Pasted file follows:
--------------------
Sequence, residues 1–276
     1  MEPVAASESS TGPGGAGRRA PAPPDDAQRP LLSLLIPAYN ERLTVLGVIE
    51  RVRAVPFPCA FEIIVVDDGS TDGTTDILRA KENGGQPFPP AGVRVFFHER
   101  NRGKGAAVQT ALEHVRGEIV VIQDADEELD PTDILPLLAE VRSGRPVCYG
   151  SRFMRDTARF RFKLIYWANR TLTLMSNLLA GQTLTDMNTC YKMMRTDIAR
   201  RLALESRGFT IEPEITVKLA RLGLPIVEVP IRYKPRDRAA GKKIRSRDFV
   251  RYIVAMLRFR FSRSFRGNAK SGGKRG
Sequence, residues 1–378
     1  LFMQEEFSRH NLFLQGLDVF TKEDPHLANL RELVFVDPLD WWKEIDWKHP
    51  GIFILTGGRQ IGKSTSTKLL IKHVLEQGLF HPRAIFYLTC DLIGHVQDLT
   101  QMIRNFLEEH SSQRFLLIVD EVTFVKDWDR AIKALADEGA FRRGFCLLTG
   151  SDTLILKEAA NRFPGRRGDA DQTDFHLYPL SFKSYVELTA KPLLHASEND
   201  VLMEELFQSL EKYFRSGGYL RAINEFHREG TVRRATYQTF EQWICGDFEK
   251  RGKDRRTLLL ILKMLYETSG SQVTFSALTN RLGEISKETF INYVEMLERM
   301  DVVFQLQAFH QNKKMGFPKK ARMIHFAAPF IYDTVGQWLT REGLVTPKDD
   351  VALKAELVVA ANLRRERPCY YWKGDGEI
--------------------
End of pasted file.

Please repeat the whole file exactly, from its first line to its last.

Sequence, residues 1–276
     1  MEPVAASESS TGPGGAGRRA PAPPDDAQRP LLSLLIPAYN ERLTVLGVIE
    51  RVRAVPFPCA FEIIVVDDGS TDGTTDILRA KENGGQPFPP AGVRVFFHER
   101  NRGKGAAVQT ALEHVRGEIV VIQDADEELD PTDILPLLAE VRSGRPVCYG
   151  SRFMRDTARF RFKLIYWANR TLTLMSNLLA GQTLTDMNTC YKMMRTDIAR
   201  RLALESRGFT IEPEITVKLA RLGLPIVEVP IRYKPRDRAA GKKIRSRDFV
   251  RYIVAMLRFR FSRSFRGNAK SGGKRG
Sequence, residues 1–378
     1  LFMQEEFSRH NLFLQGLDVF TKEDPHLANL RELVFVDPLD WWKEIDWKHP
    51  GIFILTGGRQ IGKSTSTKLL IKHVLEQGLF HPRAIFYLTC DLIGHVQDLT
   101  QMIRNFLEEH SSQRFLLIVD EVTFVKDWDR AIKALADEGA FRRGFCLLTG
   151  SDTLILKEAA NRFPGRRGDA DQTDFHLYPL SFKSYVELTA KPLLHASEND
   201  VLMEELFQSL EKYFRSGGYL RAINEFHREG TVRRATYQTF EQWICGDFEK
   251  RGKDRRTLLL ILKMLYETSG SQVTFSALTN RLGEISKETF INYVEMLERM
   301  DVVFQLQAFH QNKKMGFPKK ARMIHFAAPF IYDTVGQWLT REGLVTPKDD
   351  VALKAELVVA ANLRRERPCY YWKGDGEI